There was a time when everyone was glued to their televisions. A time when network TV ruled the airwaves, and it was a ritual to sit down in front of the television with your family to see the latest “program.” The old school days meant that everyone had to follow a TV Guide to see when a show was on, and you had to see it at that particular time.
To say media and media watching has evolved is an understatement. Now we’re a distracted nation that still may watch TV, but we’re balancing our tablets and cell phones in our arms, along with the remote. We’re watching shows, but it may be the baseball game we DVR-ed last night. We’re shopping on our laptop while the TV is on, or we’re playing a game app on our cell phones while the TV quietly humming in the background. We’re sending group text messages about tomorrow’s playgroup while checking our bank accounts online. From a technological standpoint, we’ve evolved into a dual screen nation.
According to Techcrunch, now more Americans are spending more time in apps than watching television! “Traditional cable TV has already been suffering in recent months, as more consumers are cutting the cord or opting never to sign up in the first place for pricey TV packages filled with channels they don’t want, or have time to watch. But while many are turning to online streaming services like Netflix or Amazon to get their TV fix, Flurry’s report indicates that consumers are also spending their time away from TV doing other things – namely, using apps. According to the company’s data, the average U.S. consumer is now spending 198 minutes per day inside apps compared to 168 minutes on TV.”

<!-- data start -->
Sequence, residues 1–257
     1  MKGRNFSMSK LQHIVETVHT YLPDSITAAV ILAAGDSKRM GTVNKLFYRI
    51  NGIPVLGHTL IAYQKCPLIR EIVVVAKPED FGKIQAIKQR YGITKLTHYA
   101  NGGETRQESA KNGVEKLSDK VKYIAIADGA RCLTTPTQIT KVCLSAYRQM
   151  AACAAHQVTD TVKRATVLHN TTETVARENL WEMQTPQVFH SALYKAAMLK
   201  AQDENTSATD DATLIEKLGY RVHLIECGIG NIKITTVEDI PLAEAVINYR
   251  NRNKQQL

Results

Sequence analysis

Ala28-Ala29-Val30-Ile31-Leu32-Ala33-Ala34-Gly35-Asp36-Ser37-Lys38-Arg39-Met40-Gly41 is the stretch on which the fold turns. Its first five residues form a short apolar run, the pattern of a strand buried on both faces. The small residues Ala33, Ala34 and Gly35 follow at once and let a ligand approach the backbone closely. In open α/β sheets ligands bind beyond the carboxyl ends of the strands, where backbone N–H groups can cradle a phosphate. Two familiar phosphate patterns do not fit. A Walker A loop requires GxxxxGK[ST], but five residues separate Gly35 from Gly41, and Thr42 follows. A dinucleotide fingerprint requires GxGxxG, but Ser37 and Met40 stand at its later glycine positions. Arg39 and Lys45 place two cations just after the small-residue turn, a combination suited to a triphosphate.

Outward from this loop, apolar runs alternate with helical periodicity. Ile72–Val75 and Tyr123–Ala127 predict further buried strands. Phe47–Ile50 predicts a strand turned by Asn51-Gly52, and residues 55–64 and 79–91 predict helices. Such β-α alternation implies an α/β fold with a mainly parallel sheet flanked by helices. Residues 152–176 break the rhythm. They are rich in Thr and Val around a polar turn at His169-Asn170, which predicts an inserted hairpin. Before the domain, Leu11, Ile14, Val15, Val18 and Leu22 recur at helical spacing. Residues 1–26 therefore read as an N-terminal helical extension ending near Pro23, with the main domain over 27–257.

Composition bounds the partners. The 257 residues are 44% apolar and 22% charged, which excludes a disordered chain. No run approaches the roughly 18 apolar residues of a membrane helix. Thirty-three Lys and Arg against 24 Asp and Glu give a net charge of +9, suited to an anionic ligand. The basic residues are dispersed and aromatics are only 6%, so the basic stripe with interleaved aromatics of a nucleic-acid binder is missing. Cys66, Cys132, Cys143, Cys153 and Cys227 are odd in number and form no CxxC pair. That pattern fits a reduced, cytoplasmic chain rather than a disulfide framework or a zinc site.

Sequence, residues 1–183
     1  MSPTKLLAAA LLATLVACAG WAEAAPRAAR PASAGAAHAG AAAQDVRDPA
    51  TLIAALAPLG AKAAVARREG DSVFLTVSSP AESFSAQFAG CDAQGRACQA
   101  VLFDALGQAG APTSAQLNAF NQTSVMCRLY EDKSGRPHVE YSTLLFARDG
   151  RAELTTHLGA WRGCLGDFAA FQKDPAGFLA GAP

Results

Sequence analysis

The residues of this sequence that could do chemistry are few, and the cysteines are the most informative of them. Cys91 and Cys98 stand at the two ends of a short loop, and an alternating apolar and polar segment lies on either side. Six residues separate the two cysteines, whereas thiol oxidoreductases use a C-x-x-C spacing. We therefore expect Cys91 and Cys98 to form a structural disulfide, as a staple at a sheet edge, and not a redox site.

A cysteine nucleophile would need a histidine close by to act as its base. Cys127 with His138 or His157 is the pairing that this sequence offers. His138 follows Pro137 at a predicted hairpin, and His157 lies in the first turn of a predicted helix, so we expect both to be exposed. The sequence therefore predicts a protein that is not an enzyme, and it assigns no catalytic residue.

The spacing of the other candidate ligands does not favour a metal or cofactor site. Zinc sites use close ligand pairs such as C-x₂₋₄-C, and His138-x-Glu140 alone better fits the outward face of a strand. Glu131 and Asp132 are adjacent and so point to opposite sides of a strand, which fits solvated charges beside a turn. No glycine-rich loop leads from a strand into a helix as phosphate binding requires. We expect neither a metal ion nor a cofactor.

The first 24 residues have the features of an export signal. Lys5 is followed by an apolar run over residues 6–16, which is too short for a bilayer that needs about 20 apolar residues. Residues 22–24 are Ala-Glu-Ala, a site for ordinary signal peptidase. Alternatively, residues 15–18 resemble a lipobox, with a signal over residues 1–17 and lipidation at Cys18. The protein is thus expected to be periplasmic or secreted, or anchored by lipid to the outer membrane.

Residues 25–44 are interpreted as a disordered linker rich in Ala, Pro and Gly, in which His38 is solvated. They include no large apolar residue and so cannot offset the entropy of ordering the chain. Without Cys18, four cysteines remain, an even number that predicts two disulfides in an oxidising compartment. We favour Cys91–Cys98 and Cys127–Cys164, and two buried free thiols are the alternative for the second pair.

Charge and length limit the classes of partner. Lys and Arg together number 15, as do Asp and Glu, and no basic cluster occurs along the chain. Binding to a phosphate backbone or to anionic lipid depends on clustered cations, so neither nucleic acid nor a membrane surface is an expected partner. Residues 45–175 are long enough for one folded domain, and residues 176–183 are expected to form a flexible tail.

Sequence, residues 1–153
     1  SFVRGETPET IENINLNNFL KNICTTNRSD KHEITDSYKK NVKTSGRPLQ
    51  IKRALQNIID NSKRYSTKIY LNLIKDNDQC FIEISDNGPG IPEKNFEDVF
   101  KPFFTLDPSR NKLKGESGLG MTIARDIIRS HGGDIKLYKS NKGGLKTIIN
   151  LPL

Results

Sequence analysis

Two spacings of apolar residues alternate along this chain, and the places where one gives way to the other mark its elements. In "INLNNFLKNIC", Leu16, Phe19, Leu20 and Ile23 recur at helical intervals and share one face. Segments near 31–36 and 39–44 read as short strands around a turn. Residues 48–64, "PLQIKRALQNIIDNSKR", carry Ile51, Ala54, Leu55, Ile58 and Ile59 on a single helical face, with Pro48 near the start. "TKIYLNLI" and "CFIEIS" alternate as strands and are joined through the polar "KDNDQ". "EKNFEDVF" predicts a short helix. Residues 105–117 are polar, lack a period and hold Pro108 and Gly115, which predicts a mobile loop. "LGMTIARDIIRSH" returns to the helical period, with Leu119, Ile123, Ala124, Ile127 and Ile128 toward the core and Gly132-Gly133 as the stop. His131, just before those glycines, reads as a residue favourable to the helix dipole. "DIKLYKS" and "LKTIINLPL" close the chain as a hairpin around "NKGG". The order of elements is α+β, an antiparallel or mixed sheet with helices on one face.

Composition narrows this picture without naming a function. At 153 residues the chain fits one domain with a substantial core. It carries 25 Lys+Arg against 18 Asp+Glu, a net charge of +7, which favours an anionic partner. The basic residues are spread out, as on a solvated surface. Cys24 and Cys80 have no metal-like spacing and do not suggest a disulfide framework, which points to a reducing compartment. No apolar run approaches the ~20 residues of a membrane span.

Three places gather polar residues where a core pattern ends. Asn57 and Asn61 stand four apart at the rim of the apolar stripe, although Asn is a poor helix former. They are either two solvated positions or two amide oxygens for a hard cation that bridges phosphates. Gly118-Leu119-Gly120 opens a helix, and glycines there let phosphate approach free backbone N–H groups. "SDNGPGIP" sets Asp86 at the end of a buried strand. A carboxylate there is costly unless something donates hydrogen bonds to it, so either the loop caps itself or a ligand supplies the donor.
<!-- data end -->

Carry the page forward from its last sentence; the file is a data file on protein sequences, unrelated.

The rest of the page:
With apps taking up so much of our time these days, how do we teach a distracted nation not to be distracted? How do we teach our kids to put away their cell phones when they’re in a restaurant, or put their cell phones on vibrate in a crowded movie theater? It’s hard to enforce a rule of respect for others when you don’t see that same respect enforced around you. But it definitely starts in the home.
Kids treat their cell phones like their best friends, from social media shares, to photo and video posting, to chats, to texting at all hours of the day and night…trying to keep a kid from not being distracted is nearly impossible. Some parents may wonder, is there an app to check text messages to make sure a child is safe? Others may resort to strict cell phone rules, and may remove cell phone privileges altogether. Look around the public areas today: there are limits to cell phone use in schools, libraries, doctor’s offices, and on some commuter trains, they have designated “quiet cars.”
As long as you treat others with respect, and teach your children the same, you’ll probably see those good manners returned. You won’t have to resort to phone restriction, or seeing text messages on another person’s phone, or being shhh’ed in a library. In this distracted, dual screen nation, there’s always room for civility. And if you’re a parent, you can lay that foundation for a lifetime of respect for others, no matter how fast-paced and technological the world gets.